Mott Haven Up For Grabs in Mayor's Race
If patrons of Camaguey restaurant are any indication, voters in Mott Haven are undecided about the mayor's race, but do know what they want in the next mayor: the good of Bloomberg without the bad.
What Brownsville Wants In A Mayor
So far, most residents haven't found what they're looking for—or even done much looking.
Pushing Cops to Consider Kids When Arresting Parents
While some New York police agencies already avoid having kids witness a parent's bust and take steps to ensure care after Mom or Dad are detained, advocates say want more done to limit the effect of arrests and incarceration on children
Campaigns Skip Mott Haven, Drug Centers and Shelters Don't
Mayoral frontrunners skipped a recent forum in the South Bronx neighborhood, where many residents are upset about the number of drug and mental health facilities in the area.
Top Issue in Brownsville: Fear of the Teens, Fear for the Teens
Ask people on Blake Avenue what's their No. 1 campaign concern, and they'll say "crime." But their worry seems to be less about violence and more about whether young people are on the wrong track.
Details Emerge About Plan for Private Buildings on NYCHA Land
While some agree that the plan has financial merit, others fear the social costs of mixing incomes in NYCHA neighborhoods. The authority's chairman sees it as a win-win.
Violence Dominates Campaign Talk in Mott Haven
Guns trump other concerns among diners at the Camaguey restaurant. Some see more cops—and others more programs—as the answer.
Advocates Pan City's Record on Disabilities
They claim policies from special ed to employment assistance to the Taxi of Tomorrow failed to increase opportunities for the disabled. City Hall says its reforms made a difference.
Disabled Say Non-Mayoral Agencies Also Fail
While advocates for the disabled have harsh criticism for Mayor Bloomberg, they also fault other government agencies not controlled by City Hall—especially the transit system.
Undocumented Immigrants Still In Post-Storm Limbo
Plans for how the city will spend federal aid are taking shape. The governor is discussing a massive buyout program in coastal areas. But some victims of the storm are still stuck without basic help.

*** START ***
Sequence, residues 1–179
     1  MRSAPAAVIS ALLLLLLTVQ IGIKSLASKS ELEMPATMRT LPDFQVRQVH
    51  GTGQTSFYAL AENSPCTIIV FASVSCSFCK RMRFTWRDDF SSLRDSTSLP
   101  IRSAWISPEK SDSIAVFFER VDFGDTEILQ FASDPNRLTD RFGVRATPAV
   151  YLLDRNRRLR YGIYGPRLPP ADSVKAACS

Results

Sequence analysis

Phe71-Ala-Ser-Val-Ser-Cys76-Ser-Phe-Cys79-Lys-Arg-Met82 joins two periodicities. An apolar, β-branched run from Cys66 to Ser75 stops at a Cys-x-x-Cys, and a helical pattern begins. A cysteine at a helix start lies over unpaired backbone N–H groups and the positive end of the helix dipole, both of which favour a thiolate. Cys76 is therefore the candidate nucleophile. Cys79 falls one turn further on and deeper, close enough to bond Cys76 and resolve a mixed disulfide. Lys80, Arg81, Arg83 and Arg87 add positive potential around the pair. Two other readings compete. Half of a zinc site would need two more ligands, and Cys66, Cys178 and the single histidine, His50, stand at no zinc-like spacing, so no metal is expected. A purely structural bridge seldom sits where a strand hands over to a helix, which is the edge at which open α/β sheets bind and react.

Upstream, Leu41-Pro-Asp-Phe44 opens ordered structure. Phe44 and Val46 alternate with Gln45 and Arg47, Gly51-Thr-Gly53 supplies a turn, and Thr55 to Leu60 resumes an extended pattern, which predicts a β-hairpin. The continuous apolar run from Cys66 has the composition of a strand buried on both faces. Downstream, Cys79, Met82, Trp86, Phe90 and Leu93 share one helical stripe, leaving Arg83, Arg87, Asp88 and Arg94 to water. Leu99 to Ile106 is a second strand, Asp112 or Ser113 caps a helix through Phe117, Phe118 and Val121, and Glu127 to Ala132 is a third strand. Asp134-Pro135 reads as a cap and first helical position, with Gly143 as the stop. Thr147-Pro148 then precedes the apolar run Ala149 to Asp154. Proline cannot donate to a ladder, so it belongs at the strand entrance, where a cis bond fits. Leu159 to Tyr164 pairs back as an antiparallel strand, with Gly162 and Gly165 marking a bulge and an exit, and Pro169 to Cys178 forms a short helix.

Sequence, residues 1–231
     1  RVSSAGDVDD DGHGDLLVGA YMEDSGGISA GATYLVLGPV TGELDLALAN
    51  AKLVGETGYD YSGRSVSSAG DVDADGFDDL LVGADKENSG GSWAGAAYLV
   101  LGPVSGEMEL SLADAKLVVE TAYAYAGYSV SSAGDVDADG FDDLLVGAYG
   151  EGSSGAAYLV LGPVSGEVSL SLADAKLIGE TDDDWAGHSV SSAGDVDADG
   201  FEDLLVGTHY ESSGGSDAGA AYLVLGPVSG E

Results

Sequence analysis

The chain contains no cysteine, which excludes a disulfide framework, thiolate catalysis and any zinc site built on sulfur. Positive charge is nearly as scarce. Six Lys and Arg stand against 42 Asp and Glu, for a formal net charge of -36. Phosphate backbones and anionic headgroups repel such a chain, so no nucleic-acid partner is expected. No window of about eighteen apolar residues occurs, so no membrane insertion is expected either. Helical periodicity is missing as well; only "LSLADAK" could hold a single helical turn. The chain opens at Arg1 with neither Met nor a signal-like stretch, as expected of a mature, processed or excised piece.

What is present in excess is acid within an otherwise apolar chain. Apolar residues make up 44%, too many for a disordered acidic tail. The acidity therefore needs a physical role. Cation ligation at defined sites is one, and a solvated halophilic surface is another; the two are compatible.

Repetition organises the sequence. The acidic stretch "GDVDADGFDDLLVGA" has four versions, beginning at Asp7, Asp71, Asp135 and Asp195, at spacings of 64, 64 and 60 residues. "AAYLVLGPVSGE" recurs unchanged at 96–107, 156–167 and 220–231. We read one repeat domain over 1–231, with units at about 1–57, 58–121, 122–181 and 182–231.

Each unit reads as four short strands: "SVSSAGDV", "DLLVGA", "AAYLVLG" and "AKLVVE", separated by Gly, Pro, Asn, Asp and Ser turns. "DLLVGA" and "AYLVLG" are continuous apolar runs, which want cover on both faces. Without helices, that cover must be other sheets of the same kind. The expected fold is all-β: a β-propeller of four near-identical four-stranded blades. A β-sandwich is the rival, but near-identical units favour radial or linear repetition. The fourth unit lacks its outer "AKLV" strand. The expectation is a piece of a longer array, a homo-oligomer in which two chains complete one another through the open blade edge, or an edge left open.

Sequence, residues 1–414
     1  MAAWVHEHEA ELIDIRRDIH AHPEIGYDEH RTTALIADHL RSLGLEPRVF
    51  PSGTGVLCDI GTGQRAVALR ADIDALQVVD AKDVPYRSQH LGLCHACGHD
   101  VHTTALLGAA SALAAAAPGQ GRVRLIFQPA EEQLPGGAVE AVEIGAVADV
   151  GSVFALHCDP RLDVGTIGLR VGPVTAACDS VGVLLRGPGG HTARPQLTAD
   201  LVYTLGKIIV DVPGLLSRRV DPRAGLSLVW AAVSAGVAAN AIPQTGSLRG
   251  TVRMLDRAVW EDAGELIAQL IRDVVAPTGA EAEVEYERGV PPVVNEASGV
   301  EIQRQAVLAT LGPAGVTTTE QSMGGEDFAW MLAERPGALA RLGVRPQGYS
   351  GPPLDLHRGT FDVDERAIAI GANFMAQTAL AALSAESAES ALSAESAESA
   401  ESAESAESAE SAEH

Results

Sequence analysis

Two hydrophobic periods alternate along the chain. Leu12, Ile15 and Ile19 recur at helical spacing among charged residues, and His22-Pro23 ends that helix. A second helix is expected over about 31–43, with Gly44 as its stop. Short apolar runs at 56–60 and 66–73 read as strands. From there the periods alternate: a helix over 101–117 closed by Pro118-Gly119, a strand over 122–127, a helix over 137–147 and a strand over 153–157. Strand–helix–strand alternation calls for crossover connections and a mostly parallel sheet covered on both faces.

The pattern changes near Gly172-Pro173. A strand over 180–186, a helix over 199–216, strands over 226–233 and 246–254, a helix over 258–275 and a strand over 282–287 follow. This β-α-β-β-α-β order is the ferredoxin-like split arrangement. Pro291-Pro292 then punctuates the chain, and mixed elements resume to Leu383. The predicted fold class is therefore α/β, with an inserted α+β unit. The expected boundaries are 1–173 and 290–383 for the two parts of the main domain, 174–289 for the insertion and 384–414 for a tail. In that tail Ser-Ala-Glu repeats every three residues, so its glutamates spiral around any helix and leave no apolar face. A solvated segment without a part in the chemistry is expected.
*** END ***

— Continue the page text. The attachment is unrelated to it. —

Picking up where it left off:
Mott Haven Looks to Activists, Not Pols, For Progress
We open an election-year series with a trip to a restaurant in the South Bronx, where gun violence and wage inequality are what people are talking about—and where there's little confidence that politicians are listening.
Brownsville: As '13 Race Looms, Split Opinion on Bloomberg
In the first installment of our election-year series, a visit with the Bingo players at a senior center in Brownsville, where opinions on the mayor are all over the game board.
Guns for Cash at Brooklyn Church
An operable handgun or assault rifle will net you $200 if you bring it—in a plastic bag—to a gun buyback event in Vinegar Hill this weekend.
Innocent of Crime, Tainted by Time: Exonorees Struggle
After years behind bars for crimes they did not commit, New York's exonerees are released into the free world—where a host of challenges confront them despite their innocence.
Growing Concern Over Broken Adoptions
For more than a decade national child welfare policy has encouraged timely adoptions as way to stabilize the lives of kids in foster care. But the system is challenged when a child's new home proves to be a bad fit.
Adoption Numbers in Question
Sixteen years ago the federal government put new pressure on states to facilitate adoptions. But it never bothered to track how many of those adoptions fail.
Adoption: From an Option to a Mandate
Adoption is a good outcome for many children in foster care. But not every adoptive parent-child combination is meant to be.
One Foster Child's Choice? Not To Be Adopted
S.D. held out hope that her parents would bring her home. That never happened. But avoiding adoption was her choice—and it was a wise one, her lawyer says.
Solutions to Broken Adoptions May Lie in Gray Areas
While there's disagreement among child welfare officials and advocates about all we can do to prevent broken adoptions, there is consensus on a few common-sense steps.
Behind Brooklyn's High Hate-Crime Numbers
A large population, demographic diversity and prosecutors' commitment to punishing bias are factors. Some believe too much crime—and others too little—falls into the category of “hate."
At the Corner Deli, a Yemeni Immigrant Saga
Every time you buy a beer or a lottery ticket at a bodega run by Mohamed Mohamed or one of his countrymen, you tap into a story of ethnic succession and a struggle to reconcile one culture with another.
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